Social isolation and loneliness are associated with increased mortality in older adults. Social isolation also has been linked to other adverse health effects, including dementia, increased risk for hospital readmission and increased risk of falls. However, research consistently shows that feeling connected and involved benefits both mental and physical health.
Social isolation and loneliness are not quite the same things, although the terms sometimes are used interchangeably. Continue reading
The future of services for our aging population will be shaped by the future of technology.
A small example of this important trend appeared last week in a Bloomberg BusinessWeek article by Jane Applegate. She wrote about a new line of walking shoes outfitted with GPS devices that can help track older people with dementia:
“This December, Aetrex (Worldwide, a specialty shoe manufacturer based in Teaneck, N.J.) and GTX (based in Los Angeles) launched the Aetrex Navistar GPS Footwear System, a $300 walking shoe with GTX’s GPS transmitter and receiver embedded in the right heel. Caregivers go online to create a virtual fence – a zone around the person’s residence – and pay Aetrex about $39 a month to receive alerts when the wearer leaves the area. If Grandma does leave, her location will be visible as long as where she goes has cellular coverage …”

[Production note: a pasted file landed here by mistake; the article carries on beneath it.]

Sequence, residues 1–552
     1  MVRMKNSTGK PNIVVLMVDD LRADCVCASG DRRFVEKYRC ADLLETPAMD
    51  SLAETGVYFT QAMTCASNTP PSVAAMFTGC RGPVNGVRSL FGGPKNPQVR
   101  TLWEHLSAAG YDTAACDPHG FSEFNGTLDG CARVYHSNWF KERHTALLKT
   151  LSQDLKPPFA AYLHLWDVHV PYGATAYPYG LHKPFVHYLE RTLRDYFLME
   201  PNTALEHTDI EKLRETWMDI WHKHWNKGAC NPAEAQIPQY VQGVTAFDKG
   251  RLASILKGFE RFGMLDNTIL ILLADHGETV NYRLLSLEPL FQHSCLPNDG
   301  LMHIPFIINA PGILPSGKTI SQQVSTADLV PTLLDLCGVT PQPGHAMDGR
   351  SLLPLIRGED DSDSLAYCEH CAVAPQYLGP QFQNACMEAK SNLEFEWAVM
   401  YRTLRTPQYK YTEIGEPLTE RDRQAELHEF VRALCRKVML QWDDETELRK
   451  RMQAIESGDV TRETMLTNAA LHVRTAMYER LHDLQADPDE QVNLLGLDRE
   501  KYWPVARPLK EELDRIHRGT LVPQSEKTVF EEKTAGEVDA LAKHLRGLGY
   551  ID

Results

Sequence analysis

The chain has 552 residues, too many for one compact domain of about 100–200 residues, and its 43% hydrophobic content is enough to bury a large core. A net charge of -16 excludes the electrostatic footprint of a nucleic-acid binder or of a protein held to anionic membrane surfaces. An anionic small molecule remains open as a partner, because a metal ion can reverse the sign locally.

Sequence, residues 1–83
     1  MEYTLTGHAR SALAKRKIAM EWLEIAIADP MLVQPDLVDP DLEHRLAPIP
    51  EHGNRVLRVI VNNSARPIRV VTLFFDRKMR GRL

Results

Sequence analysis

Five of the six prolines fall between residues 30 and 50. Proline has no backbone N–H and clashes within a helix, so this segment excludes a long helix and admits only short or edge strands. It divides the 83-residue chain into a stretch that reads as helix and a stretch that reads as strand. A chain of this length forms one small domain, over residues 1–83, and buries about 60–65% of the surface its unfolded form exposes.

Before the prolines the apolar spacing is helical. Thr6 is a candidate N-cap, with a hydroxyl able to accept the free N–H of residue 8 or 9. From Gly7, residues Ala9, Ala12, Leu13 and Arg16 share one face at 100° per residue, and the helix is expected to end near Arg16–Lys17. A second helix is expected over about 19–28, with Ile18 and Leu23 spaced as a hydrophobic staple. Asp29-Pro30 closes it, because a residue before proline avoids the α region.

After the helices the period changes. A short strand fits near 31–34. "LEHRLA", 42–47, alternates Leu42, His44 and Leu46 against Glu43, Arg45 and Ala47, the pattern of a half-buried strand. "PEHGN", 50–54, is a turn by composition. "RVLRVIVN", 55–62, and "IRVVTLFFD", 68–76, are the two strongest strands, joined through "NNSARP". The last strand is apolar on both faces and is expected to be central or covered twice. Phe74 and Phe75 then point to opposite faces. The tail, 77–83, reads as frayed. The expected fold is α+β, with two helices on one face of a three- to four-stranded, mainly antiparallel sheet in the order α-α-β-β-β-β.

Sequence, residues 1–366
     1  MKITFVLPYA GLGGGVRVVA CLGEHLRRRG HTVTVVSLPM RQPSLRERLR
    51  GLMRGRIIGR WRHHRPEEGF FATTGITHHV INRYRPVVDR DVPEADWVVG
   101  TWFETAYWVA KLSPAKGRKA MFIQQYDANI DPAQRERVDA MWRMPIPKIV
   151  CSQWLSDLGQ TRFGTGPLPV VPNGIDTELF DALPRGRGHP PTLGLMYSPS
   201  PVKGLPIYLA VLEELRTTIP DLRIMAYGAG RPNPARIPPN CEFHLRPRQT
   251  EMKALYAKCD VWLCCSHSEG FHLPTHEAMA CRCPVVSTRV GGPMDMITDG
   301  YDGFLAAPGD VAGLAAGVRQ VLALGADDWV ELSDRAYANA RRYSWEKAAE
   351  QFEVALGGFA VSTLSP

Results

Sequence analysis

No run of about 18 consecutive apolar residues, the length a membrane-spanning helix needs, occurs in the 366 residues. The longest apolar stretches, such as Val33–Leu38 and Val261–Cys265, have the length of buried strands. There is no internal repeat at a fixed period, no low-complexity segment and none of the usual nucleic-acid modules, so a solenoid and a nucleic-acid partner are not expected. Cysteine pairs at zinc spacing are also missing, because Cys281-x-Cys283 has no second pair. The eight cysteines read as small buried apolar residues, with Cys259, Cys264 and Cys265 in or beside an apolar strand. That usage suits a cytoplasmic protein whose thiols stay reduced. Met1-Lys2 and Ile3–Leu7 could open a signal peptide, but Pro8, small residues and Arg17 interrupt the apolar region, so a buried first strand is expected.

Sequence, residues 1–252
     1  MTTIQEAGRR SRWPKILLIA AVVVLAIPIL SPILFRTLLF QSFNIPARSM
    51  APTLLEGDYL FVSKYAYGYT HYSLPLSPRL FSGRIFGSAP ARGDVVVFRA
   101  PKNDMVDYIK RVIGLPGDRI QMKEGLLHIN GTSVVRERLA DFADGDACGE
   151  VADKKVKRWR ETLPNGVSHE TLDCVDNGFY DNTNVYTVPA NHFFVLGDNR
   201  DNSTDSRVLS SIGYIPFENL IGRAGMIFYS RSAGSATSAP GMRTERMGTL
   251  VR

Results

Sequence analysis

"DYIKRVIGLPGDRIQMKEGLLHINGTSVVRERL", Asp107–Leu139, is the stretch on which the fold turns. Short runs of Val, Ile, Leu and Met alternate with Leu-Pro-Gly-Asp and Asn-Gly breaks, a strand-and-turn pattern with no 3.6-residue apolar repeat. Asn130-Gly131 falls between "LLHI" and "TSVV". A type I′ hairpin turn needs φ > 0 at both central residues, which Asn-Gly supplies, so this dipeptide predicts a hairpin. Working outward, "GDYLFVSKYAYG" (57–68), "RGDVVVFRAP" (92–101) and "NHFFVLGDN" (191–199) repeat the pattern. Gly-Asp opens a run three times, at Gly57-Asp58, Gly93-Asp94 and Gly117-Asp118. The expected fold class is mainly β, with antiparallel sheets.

According to the Alzheimer’s Association in Chicago, 60 percent of the 5.4 million Americans dealing with the debilitating disease tend to run away or wander during its last stages. The market for technology designed to assist seniors is expected to reach $20 billion by 2020, according to Laurie Orlov, founder of research firm Aging in Place Technology Watch.”
Orlov’s website is a good resource for reporters looking for trends and insight. Not surprisingly, products and services that help people age in place, which The Miami Herald examined in a recent article, are a major focus.
This business segment spans everything from electronic pill boxes to in-home sensors that track an older person’s movements around the house and send an alert if something seems suspicious. See this New York Times article from 2009 (eons ago in technology time!) for more perspective on the trend. Continue reading